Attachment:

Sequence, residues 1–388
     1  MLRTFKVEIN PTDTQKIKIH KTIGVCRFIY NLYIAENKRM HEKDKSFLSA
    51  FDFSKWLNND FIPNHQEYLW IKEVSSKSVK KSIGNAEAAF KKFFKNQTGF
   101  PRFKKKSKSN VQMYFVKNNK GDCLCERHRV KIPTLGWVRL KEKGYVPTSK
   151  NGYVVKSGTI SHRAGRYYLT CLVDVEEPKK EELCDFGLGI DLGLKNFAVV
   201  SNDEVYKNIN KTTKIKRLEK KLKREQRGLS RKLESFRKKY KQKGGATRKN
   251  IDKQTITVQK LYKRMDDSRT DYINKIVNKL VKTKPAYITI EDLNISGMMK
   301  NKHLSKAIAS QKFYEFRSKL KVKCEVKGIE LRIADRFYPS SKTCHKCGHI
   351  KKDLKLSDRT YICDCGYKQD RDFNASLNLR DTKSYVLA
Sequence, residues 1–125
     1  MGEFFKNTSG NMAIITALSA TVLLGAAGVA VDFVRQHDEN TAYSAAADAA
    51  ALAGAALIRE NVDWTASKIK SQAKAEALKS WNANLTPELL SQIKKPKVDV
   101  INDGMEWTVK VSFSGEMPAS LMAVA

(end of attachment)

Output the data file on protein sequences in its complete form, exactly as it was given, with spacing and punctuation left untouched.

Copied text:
Sequence, residues 1–388
     1  MLRTFKVEIN PTDTQKIKIH KTIGVCRFIY NLYIAENKRM HEKDKSFLSA
    51  FDFSKWLNND FIPNHQEYLW IKEVSSKSVK KSIGNAEAAF KKFFKNQTGF
   101  PRFKKKSKSN VQMYFVKNNK GDCLCERHRV KIPTLGWVRL KEKGYVPTSK
   151  NGYVVKSGTI SHRAGRYYLT CLVDVEEPKK EELCDFGLGI DLGLKNFAVV
   201  SNDEVYKNIN KTTKIKRLEK KLKREQRGLS RKLESFRKKY KQKGGATRKN
   251  IDKQTITVQK LYKRMDDSRT DYINKIVNKL VKTKPAYITI EDLNISGMMK
   301  NKHLSKAIAS QKFYEFRSKL KVKCEVKGIE LRIADRFYPS SKTCHKCGHI
   351  KKDLKLSDRT YICDCGYKQD RDFNASLNLR DTKSYVLA
Sequence, residues 1–125
     1  MGEFFKNTSG NMAIITALSA TVLLGAAGVA VDFVRQHDEN TAYSAAADAA
    51  ALAGAALIRE NVDWTASKIK SQAKAEALKS WNANLTPELL SQIKKPKVDV
   101  INDGMEWTVK VSFSGEMPAS LMAVA